Around the World in Concept Coffee Shops

Where can I get a coffee that has the most cats?

Conceptual ways of serving up a good cup of coffee have been around for about as long as cafes have, as evidenced by such late-19th-century oddities as Paris' Café de L'Enfer. Things have only gotten weirder since then, and in places like Tokyo, where cultural novelties are an essential staple of urban life, weirdly themed coffee shops and cafes have made a caffeinated jolt into the mainstream. From the bizarre to the brilliant, we take you on a tour of some of the more unique concepts out there.

Neko Cafe

via CNN

Bizarrely themed cafes have been popping up all over Japan. Among the strangest, these "neko" (Japanese for "cat") cafes originated in Taiwan and have since been imported to Tokyo. One of the more famous, Cat's Store, allows patrons to simultaneously get a caffeine fix and indulge their need for feline companionship in a city where limited space often means pet-free apartments.

Mahika Mano

via Neatorama

Another Japanese curiosity, Mahika Mano is an island infused cafe that combines a hammock showroom with a very laid-back coffee shop atmosphere.

100% Chocolate Cafe

via Designboom

Who needs coffee when you have chocolate? And this beautifully designed Tokyo cafe by Masamichi Katayama serves up an unthinkable variety -- 56 different kinds, to be exact, housed in their lovely "chocolate library." You heard correctly.

Urban Station

via Co.Design

The idea of using a coffee shop as your own personal office is probably pretty familiar to students, intellectuals, writers, freelancers, and people who like to read conspicuously. And although it's not all that strange, we really like the concept of designing cafes specifically tailored to emulate a workspace. A new wave of cafe-office hybrids, such as Urban Station in Buenos Aires, have been cropping up, offering wifi, electrical outlets, and spacious tables galore!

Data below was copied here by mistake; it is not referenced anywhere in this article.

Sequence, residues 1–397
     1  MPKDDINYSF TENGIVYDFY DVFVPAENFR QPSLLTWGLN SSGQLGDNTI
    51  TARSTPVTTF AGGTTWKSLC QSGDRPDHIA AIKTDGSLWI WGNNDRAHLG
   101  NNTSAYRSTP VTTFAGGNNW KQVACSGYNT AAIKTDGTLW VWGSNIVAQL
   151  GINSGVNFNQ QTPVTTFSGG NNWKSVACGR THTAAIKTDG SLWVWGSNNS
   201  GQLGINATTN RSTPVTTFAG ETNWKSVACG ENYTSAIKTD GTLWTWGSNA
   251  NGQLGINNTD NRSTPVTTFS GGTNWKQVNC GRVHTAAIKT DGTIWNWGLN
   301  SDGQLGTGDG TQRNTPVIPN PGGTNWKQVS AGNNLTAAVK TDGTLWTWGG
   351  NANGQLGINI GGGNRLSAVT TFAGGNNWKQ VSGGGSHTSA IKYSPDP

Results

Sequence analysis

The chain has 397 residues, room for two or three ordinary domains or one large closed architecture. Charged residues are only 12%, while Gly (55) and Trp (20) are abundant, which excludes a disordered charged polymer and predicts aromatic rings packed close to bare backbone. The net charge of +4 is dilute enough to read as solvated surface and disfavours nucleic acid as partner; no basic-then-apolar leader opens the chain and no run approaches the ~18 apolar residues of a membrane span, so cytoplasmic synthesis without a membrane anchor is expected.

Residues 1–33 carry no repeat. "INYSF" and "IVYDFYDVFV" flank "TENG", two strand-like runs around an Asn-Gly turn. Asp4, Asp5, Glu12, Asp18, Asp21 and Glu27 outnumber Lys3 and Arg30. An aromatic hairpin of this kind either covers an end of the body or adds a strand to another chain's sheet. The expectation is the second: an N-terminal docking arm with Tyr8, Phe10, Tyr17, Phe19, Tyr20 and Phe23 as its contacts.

via Dezeen

This fascinating Japanese concept cafe is a brilliant twist on the classic open-air design, interfacing its interior aesthetic with street traffic. Café/Day allows you to enjoy your coffee while worrying about confused motorists taking a wrong turn.

The Sweatshop

via The Guardian

What better way to spend your caffeine buzz than trying your hand at stitching together the latest in French fashion? Paris' The Sweatshop combines coffee and crafts, making for a much more productive cafe-loitering experience than we're used to.

Robo Cafe

via Gizmag

We'll limit ourselves to just one more Japanese novelty-themed cafe (seriously, there's tons of these). Robo Cafe in Osaka minimizes the need for human labor by using automated robotic servers.

Molecule Water Cafe

via Gothamist

Milkbars and oxygen bars are old news -- Molecule Water Cafe, located in New York City's East Village, offers an über-high-tech filtered tap water experience that's sure to quench your thirst. NYC loves to brag about its exceptional tap water, but Molecule takes things a step further for even the most finicky H2O connoisseur among us.

Grand View Cafe

via Daily Mail

The Grand View Cafe in Vassalboro, Maine was forced to close in 2011 -- but, surprisingly, it wasn't due to harassment, exploitation, small-town controversy, health code violations, or any of the other countless problems that you might reasonably expect to arise with the concept of a topless waitstaff. Rather, the town insists it was because of misplaced signs and a zoning violation.

Horror Picture Tea

via New York Times

Paris's trendy Horror Picture Tea combines a cafe, a music venue, and a tattoo parlor into one bizarre conceptual medley.

This post also appears on Flavorpill, an Atlantic partner site.